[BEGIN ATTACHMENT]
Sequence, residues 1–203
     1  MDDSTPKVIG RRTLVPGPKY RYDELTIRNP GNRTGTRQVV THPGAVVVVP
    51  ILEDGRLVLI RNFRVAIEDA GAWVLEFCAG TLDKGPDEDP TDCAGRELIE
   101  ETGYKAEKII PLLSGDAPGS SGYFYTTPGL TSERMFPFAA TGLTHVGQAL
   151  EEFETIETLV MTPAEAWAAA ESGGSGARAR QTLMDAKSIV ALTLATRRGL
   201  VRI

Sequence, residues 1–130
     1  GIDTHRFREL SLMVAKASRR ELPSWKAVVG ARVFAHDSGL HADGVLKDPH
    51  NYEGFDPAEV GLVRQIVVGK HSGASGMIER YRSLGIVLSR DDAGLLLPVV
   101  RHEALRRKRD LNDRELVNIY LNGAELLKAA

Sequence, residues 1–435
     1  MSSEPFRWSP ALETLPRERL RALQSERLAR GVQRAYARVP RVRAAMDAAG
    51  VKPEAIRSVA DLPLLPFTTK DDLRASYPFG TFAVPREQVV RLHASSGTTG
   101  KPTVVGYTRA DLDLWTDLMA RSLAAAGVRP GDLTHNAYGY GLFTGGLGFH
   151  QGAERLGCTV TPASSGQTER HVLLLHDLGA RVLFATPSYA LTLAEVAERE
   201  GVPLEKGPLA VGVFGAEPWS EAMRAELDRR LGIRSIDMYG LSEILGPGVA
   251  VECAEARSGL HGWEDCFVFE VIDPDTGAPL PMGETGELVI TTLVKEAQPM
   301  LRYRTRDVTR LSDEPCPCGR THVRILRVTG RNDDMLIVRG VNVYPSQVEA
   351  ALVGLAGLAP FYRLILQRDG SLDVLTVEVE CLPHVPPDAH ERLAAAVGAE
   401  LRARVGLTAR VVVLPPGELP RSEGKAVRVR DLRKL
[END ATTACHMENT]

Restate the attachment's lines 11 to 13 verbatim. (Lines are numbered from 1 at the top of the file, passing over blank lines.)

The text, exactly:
Sequence, residues 1–435
     1  MSSEPFRWSP ALETLPRERL RALQSERLAR GVQRAYARVP RVRAAMDAAG
    51  VKPEAIRSVA DLPLLPFTTK DDLRASYPFG TFAVPREQVV RLHASSGTTG